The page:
Morgan makes a handful of peculiar errors in her chronicle (for instance, she gives Soapy Smith's full moniker as Jefferson Davis Smith). However, this shouldn't detract from the value of Good Time Girls. It is an engagingly written and generously illustrated volume for readers who prefer their history with all the lusty and licentious parts left uncensored.
Somewhat broader in its focus and equally involving is Women of the Klondike, written by Frances Backhouse of Victoria, British Columbia. Here are presented some of the forgotten females of the gold rush -- not just the singers and sinners whose tales have most easily found appreciative audiences over the last century, but also women who were seeking to save souls or gain professional recognition, and "wives who accompanied their husbands or joined them later," as Backhouse explains in her introduction. "Often they burned with gold fever just as intensely as their men."
Appearing in these pages are such colorful figures as Belinda Mulrooney, an Irish-American whose pluck and business savvy helped make her one of Dawson's leading entrepreneurs; Nellie Cashman, who was most passionate about gold mining, but managed as well to gain respect for her generosity and charitable deeds; and Kate Carmack, the Native American woman whose husband had started this whole rush after riches, but whose own life would turn out to be sadder than most. As Backhouse tells it, Kate and George Carmack tried to ride their celebrity beyond the north country. They traveled down to Seattle, but the press there treated them as curious savages, remarked on their disorientation among the city's tall buildings, and reported at length on Kate's disorderly conduct under the influence of alcohol. Carmack eventually disowned Kate, who moved back to the Yukon and from there proceeded to pummel her now ex-hubby with lawsuits until she died of influenza in 1920.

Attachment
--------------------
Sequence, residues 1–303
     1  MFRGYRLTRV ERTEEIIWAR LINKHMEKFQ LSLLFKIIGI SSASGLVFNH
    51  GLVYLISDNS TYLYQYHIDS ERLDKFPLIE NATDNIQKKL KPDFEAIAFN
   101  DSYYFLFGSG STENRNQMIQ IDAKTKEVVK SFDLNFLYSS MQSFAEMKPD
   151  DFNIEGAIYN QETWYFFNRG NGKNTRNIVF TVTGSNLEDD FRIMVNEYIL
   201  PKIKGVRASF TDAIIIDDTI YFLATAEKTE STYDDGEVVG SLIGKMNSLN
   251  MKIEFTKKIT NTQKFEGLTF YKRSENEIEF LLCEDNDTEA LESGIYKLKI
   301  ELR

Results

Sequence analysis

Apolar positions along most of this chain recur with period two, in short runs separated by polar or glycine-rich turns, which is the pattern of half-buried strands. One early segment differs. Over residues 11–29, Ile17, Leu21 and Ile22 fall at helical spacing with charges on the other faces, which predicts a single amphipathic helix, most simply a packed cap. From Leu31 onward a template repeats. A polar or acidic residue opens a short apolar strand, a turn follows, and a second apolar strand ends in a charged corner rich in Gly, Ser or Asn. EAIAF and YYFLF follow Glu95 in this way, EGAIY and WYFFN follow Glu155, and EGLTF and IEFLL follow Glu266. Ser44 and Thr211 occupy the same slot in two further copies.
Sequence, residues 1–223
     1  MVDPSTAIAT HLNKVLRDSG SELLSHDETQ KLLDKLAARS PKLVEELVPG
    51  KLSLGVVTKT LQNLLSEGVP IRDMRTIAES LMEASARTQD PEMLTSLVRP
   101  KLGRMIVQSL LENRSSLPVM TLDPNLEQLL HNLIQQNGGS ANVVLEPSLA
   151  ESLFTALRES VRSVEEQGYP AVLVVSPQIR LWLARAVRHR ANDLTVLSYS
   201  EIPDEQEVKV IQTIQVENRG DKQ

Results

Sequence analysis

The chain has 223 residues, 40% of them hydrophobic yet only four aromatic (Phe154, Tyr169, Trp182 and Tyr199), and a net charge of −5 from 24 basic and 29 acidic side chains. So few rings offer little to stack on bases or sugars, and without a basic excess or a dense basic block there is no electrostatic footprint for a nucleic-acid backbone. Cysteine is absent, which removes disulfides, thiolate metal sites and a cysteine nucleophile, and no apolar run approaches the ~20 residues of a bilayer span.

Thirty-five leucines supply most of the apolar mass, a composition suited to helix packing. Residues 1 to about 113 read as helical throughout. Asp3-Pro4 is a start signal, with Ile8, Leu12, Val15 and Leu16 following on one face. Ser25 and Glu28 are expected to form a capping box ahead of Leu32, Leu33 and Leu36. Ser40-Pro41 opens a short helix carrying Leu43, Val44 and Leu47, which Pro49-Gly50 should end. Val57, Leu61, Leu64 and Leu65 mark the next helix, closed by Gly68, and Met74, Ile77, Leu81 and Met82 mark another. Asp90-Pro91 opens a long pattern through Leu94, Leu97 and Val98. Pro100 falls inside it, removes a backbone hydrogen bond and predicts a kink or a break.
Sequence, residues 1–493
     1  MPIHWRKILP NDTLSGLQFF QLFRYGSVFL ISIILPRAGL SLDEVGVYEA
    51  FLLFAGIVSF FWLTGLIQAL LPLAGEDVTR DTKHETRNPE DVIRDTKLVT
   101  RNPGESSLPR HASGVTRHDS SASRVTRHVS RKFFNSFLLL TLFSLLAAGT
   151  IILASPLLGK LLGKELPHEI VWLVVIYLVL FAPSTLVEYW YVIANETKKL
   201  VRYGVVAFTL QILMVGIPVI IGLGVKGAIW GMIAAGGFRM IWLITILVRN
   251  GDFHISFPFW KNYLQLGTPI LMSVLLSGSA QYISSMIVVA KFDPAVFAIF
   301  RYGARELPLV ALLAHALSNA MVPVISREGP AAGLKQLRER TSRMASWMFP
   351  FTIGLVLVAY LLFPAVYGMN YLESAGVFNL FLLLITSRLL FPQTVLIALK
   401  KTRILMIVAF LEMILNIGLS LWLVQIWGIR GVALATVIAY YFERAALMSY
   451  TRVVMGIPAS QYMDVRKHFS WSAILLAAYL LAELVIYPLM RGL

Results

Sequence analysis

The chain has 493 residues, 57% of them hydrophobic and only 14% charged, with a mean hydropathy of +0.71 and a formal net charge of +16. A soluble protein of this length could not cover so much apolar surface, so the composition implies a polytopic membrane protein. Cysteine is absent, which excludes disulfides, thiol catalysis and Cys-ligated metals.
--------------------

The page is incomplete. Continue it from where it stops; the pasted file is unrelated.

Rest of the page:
By one reckoning, only about 4,000 people actually found gold during the Klondike stampede. The majority, including veterans of previous mineral pursuits, didn't recoup so much as their travel costs. Newspapers had misled people by suggesting that anyone who could reach the gold fields was destined for mogulhood. Paul T. Mizony, a 17-year-old from San Diego, landing at Dawson in 1898, noted that "hundreds... expected all they would have to do was to pick the nuggets above the ground and some even thought they grew on bushes."
Only after these starry-eyed stampeders had reached wild, woolly Dawson did they realize that the best claims on Klondike River tributaries had already been staked back in 1896, a full year before the rush started!
Among those who didn't strike it rich was William Shape. Scion of a well-off Wisconsin clan, he embarked for the Yukon less than a month after the arrival of the gold ships at San Francisco and Seattle, and returned home 14 months later. But he didn't go back entirely empty-handed -- he had plenty of stories, not only filling his head but recorded in a diary. That diary was rediscovered in a California flea market not long ago and published earlier this year as Faith of Fools: A Journal of the Klondike Gold Rush. Illustrated with Shape's black-and-white photographs, it's an engrossing first-hand account of the stampede. Shape recorded his travels north from Seattle, his observations of Chilkoot Pass (including details of a well-known -- and deadly -- snowslide that occurred while he was there), and the tedium of searching in gravel for elusive gold while bloodthirsty insects caused him torment. Despite his hardships, Shape wrote after leaving the Yukon that "I would not hesitate to make the same trip again, providing I had something profitable to look forward to."